In the first part of the book, Jake Mulholland is a college broadcasting student from Pittsburgh. He’s an average guy who comes from a loving family, and like most average guys from loving families, he has hangups—with his father, especially, and with his father’s voice, specifically. Author David W. Berner describes “voice” from the onset of the story, effortlessly placing the reader in an era of 1970s radio. One doesn’t need to have radio background to grasp the intricacies of a station, due to the author’s conversational style and masterful detail. Furthermore, the audience might not even know it desires a connection to this world, but once Berner’s intelligent music references and subtle time-period elements surface, the reader can’t help but get addicted.
Jake is in a relationship with the likable Sarah, but he questions love and all it has to offer. Ridden with guilt from family history as well as the decisions he makes as a college student, Jake accepts his self-inflicted shame and simply lives with the stigma rather than dealing with it. Such an indiscretion can only lead to a downward spiral, which it does in the second half of the book where themes of loss, redemption, and second chances come to view. Berner finally sheds light on Jake in the only way the main character could possibly emerge from the darkness—behind the microphone.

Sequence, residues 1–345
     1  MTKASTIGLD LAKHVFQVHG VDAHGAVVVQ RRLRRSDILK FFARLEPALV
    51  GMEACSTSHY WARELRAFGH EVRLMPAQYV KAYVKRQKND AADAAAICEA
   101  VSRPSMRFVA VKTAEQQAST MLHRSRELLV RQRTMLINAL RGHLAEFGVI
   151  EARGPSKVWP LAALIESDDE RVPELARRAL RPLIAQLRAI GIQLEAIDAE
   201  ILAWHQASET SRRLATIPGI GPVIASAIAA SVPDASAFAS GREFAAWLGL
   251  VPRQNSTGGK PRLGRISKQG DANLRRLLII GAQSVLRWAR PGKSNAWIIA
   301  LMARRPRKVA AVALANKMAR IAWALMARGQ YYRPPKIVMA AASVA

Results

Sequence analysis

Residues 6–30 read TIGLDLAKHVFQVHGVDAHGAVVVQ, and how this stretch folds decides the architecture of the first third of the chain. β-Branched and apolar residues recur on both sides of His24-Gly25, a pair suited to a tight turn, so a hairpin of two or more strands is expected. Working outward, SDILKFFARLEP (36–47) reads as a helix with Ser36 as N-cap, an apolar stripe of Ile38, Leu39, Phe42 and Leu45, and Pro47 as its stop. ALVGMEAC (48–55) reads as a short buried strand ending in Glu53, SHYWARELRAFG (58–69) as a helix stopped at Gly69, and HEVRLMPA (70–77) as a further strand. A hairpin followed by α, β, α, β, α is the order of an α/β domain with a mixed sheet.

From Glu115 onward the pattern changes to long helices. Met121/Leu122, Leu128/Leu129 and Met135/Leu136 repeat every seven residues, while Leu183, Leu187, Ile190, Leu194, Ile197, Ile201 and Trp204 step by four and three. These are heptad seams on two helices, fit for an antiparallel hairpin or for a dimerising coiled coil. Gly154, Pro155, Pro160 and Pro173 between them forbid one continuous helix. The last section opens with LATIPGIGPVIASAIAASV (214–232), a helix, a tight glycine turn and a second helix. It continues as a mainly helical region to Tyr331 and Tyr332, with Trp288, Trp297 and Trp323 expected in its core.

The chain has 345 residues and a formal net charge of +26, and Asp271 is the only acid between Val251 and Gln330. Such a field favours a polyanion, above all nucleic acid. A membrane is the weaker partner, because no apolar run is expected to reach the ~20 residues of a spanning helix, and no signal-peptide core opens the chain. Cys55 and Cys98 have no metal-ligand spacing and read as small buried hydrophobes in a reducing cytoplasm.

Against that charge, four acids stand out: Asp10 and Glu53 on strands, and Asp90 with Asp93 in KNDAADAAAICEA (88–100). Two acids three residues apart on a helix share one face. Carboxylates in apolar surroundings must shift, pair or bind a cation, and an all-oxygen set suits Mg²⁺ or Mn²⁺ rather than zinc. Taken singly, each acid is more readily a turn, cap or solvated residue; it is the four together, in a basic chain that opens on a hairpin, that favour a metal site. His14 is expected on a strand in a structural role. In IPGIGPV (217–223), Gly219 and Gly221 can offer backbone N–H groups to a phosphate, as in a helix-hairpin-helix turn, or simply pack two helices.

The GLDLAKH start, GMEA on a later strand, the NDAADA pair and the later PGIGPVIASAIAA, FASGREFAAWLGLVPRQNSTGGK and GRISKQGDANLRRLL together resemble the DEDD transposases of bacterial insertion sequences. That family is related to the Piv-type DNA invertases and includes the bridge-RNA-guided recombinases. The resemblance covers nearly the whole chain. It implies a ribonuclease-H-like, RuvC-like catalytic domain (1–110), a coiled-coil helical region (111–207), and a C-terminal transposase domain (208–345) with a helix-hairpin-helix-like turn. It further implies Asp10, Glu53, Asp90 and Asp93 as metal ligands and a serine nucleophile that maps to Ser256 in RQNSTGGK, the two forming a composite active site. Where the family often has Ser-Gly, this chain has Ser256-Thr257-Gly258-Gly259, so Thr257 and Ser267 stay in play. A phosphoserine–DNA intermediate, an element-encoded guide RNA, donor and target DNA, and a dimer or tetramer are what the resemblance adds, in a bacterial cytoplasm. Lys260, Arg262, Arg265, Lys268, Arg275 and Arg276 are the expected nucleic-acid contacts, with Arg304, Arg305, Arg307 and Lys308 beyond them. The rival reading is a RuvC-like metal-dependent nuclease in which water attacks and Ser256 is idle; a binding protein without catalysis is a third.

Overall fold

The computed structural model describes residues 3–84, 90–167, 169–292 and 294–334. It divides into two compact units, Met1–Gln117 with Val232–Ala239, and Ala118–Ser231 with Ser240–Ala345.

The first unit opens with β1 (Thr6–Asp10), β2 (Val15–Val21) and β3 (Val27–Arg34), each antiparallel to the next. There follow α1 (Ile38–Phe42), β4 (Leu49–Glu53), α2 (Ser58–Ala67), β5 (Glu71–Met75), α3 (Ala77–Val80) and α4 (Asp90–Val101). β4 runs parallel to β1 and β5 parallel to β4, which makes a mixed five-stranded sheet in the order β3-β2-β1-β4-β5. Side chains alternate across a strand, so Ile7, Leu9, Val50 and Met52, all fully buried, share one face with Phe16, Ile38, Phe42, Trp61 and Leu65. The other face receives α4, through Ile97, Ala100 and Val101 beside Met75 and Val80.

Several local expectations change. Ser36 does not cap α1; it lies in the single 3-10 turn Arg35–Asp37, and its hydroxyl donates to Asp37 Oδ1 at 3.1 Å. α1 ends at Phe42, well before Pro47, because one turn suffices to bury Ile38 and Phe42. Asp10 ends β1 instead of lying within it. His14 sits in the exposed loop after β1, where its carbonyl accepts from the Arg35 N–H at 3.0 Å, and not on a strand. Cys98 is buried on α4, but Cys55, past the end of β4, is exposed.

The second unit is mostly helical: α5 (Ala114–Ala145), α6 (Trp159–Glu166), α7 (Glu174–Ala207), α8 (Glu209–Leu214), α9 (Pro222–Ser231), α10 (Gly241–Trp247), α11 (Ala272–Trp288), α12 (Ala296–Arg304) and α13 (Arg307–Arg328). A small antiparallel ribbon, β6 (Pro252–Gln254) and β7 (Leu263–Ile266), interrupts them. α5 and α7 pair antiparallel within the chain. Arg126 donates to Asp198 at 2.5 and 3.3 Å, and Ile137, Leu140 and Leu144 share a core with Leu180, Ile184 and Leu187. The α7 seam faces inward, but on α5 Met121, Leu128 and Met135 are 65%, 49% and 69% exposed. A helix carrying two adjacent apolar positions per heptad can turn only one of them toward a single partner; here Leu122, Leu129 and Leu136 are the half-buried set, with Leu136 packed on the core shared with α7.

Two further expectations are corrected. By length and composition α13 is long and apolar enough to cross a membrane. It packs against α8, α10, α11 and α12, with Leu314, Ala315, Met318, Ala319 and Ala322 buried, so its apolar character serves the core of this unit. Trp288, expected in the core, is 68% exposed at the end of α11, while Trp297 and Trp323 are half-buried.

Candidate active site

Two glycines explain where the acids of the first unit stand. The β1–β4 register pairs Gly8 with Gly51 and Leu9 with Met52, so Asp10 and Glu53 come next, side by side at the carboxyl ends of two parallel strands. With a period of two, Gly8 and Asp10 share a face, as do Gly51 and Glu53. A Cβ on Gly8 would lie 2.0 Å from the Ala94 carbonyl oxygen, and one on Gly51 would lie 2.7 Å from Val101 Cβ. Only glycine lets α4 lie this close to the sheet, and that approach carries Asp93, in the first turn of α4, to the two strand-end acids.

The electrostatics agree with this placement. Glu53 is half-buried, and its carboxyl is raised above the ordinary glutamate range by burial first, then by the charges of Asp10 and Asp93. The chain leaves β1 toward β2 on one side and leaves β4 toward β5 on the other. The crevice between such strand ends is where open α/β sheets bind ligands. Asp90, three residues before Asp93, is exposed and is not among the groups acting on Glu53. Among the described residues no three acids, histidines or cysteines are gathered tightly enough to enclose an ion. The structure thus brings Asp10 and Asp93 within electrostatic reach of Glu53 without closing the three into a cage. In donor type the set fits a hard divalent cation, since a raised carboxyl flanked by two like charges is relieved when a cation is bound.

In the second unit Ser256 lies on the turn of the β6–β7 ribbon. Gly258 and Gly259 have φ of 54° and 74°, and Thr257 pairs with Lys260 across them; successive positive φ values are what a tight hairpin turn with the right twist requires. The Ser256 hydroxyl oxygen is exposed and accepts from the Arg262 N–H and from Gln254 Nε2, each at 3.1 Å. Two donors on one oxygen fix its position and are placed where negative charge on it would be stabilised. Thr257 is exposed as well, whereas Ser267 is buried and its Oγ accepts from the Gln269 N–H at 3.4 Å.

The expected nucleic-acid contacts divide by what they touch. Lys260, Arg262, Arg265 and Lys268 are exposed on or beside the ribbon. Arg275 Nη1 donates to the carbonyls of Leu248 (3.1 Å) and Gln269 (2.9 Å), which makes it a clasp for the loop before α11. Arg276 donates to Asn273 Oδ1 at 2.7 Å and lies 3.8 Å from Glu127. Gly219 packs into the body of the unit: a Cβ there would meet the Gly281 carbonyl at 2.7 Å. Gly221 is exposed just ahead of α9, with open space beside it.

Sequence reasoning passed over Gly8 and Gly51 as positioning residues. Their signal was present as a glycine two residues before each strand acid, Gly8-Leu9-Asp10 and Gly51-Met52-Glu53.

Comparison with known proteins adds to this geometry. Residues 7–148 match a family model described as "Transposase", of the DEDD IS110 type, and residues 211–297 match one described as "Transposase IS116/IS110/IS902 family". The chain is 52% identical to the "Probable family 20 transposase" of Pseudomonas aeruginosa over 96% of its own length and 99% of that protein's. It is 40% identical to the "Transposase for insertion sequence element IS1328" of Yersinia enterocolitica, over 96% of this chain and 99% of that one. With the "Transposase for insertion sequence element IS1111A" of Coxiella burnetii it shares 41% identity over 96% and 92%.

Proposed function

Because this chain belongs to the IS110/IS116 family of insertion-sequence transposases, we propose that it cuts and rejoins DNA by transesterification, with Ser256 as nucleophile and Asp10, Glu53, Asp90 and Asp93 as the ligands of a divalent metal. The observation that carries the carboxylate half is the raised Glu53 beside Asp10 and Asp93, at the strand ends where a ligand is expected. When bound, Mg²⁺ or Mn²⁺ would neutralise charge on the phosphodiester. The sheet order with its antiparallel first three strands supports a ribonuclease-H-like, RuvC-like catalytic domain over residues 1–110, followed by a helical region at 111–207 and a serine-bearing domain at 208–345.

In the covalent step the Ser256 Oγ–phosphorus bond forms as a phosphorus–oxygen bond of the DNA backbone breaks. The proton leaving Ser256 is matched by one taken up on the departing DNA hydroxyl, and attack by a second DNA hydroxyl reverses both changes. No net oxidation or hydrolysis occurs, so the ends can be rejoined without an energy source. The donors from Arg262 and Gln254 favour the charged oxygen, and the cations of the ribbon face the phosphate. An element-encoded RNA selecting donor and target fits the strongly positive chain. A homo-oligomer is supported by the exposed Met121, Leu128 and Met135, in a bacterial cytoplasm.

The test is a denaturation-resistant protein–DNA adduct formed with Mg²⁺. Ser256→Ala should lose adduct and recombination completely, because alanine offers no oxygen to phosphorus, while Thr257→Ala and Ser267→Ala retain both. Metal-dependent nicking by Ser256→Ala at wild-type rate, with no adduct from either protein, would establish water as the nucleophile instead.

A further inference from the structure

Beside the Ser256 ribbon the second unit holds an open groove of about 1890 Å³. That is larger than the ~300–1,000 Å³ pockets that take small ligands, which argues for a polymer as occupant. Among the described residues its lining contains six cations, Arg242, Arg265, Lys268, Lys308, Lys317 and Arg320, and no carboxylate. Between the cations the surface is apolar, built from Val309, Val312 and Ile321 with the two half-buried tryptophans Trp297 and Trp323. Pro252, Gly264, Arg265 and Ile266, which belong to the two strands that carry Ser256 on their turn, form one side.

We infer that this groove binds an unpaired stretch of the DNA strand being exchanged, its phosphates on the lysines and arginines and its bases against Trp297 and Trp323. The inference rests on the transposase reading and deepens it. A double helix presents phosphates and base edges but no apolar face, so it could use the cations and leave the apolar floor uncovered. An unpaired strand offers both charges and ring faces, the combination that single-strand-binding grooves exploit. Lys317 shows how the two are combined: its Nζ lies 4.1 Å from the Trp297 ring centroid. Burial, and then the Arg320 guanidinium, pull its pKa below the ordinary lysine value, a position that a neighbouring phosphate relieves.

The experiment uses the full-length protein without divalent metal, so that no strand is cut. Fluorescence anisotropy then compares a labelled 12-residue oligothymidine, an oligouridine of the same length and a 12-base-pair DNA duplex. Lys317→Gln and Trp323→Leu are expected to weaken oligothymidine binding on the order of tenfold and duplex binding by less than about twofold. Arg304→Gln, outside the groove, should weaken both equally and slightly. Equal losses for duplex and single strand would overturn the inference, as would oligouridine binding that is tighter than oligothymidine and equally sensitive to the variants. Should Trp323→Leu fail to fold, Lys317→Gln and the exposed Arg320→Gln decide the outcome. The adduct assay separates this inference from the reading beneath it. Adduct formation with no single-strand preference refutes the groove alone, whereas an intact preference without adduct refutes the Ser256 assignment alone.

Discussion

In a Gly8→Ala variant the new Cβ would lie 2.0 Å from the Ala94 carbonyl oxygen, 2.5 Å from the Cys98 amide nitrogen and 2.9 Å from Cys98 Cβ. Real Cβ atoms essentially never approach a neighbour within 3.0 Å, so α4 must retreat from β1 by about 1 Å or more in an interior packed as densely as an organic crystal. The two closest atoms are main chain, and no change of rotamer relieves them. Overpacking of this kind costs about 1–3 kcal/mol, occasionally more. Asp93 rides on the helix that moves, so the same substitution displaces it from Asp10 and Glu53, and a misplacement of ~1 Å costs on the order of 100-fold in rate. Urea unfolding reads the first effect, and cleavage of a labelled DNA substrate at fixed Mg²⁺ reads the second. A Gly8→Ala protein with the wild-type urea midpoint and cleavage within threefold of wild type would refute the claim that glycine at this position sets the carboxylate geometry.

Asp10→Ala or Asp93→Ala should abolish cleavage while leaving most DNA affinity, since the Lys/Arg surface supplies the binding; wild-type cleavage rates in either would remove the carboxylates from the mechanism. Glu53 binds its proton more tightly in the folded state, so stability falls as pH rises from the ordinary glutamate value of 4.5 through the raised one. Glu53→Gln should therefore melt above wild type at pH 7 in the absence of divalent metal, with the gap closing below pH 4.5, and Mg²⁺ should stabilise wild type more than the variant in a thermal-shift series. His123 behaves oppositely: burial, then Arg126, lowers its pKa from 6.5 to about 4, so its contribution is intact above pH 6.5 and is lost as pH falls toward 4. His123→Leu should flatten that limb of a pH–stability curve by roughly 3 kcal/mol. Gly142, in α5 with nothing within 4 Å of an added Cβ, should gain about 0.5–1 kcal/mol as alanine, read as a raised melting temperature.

I highly recommend Night Radio, David W. Berner’s first published work of fiction. His knack for weaving musical and literary nuances throughout the story will have any middle-aged reader reaching for an old record album or classic book collection. Berner also uses a stripping motif that readers might take as just one part of the hippie trinity of sex, drugs, and rock ’n’ roll; however, for this reader, it serves as a symbol for ones need to bare the soul, to be exposed in order to face demons and move forward. Through Jake, the author also writes with wisdom, as can be seen in the line, “Maybe we are simply defined by what we are trying to be, not what we are at any given moment—slaves to our own visions and whatever the gods are asking us to discover.”
I am a fan of Berner’s memoirs, but I look forward to more fiction from this award-winning author. You should, too!
Night Radio is available at Amazon.com.
- Geralyn Hesslau Magrady